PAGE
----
On Editing (#3)

I’ve had the privilege of working on various literary journals over the last 15 years, and none has demanded as much work and time commitment as has my editorship with Windhover: A Journal of Christian Literature. None has brought me such satisfaction.

This afternoon I finalized the selections for the fourth issue I’ve edited, an issue that will be larger (again) than the previous year’s issue. Each issue I’ve edited has grown in size, from 18 contributors in the 2013 issue, to 50+ contributors in the forthcoming issue. This forthcoming issue also marks the 20th volume, the first issue having appeared in 1997. It’s amazing to me that a journal with such a distinct focus is still continuing two decades later, and I count it an honor to edit such a publication.

My history with the journal dates back to my poetry submission in 2005. The following fall, I received my official rejection letter. When I assumed the editorship in the summer of 2012, I discovered the electronic version of my rejection letter and printed it. (I’ve told this story before in various places, but I still find it ironic and amusing.)

Now that the acceptances are complete, I will commence in one of my favorite tasks: organizing the issue. Editors organize their issues with various rationales, but I have taken my cue from Brian Bedard, the former editor of South Dakota Review where I served as managing editor during my doctoral studies. Brian arranged the issue so as to create an arc, with links between pieces (maybe an image from a poem echoing in a short story that followed). When I proofread the pieces after he informed me of the table of contents, I was always amazed by the connections he made.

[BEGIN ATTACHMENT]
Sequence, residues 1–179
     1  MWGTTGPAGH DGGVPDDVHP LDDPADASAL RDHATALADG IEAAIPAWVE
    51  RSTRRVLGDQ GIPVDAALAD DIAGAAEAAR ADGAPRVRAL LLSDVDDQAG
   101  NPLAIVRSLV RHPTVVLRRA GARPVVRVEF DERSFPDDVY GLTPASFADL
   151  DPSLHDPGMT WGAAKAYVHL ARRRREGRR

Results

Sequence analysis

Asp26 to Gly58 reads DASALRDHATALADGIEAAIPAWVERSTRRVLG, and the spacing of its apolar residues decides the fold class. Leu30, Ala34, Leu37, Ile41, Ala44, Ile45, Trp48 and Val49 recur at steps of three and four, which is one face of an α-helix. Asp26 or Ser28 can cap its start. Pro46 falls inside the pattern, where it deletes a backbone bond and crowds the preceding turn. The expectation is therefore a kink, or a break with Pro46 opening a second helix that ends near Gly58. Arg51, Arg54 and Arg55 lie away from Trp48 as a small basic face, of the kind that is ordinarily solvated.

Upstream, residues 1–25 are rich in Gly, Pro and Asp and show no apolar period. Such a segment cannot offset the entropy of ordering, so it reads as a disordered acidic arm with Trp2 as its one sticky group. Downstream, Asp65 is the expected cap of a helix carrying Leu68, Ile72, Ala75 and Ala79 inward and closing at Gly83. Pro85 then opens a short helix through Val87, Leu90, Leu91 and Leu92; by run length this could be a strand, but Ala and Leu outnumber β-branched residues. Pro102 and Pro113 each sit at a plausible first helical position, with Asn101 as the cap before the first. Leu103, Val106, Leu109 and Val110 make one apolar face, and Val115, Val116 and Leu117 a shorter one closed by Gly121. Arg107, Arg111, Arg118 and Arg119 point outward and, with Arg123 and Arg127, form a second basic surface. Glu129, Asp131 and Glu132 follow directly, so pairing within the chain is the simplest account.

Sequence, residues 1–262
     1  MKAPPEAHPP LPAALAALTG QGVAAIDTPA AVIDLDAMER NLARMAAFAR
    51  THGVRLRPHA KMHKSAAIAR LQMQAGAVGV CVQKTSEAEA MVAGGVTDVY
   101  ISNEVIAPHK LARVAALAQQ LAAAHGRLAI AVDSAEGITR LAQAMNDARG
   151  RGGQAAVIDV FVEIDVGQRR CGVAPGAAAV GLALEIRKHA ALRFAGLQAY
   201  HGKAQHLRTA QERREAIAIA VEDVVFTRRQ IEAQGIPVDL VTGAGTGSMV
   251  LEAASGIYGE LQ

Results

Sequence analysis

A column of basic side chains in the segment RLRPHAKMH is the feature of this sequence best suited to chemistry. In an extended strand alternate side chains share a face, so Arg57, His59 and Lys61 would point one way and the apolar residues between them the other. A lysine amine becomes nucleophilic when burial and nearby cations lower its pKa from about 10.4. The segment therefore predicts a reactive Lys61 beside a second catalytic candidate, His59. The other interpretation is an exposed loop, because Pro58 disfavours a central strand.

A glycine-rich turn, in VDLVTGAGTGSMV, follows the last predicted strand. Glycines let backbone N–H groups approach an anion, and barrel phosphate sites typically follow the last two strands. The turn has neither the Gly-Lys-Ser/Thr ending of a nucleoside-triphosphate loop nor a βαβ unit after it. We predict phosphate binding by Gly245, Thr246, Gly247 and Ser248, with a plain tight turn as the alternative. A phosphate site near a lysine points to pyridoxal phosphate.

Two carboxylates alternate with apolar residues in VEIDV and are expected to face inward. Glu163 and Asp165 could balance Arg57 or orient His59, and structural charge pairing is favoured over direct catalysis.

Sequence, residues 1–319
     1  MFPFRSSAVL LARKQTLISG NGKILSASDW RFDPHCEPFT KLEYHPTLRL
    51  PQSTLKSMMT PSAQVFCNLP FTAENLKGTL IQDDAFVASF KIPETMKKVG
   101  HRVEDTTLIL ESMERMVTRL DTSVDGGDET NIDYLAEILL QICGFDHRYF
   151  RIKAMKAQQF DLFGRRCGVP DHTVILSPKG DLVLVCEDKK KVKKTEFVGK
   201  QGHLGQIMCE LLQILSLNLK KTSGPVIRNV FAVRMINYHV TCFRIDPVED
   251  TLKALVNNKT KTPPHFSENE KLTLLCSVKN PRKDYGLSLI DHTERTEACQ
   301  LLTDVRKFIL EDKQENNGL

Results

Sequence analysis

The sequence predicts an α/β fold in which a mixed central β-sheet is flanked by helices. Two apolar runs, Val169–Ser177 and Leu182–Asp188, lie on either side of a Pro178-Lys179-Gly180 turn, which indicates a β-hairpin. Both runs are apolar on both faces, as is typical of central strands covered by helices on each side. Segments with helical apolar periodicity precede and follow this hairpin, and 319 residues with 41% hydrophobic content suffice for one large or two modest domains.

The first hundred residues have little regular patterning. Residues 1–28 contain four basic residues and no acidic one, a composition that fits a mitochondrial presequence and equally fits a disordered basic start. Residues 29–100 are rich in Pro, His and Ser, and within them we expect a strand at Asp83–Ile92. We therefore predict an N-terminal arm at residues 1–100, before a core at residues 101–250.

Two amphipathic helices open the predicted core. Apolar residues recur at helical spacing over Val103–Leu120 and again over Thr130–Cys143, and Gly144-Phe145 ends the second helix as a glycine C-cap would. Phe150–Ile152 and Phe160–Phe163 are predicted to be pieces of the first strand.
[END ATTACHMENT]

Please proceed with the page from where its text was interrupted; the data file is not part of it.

In my role as editor, I employ that same guiding principle. I reserve several hours and then spread out the accepted pieces on the large tables in my department’s breakroom. I pace, I shuffle paper, and I look for those links. And just as there’s an exhausted satisfaction when I’ve completed the selections (and when I’ve created a proof and when I see the physical issue), there’s a satisfaction and pleasure when I’ve solidified the order.

But for now, it’s time to relax and to enjoy that extra hour.

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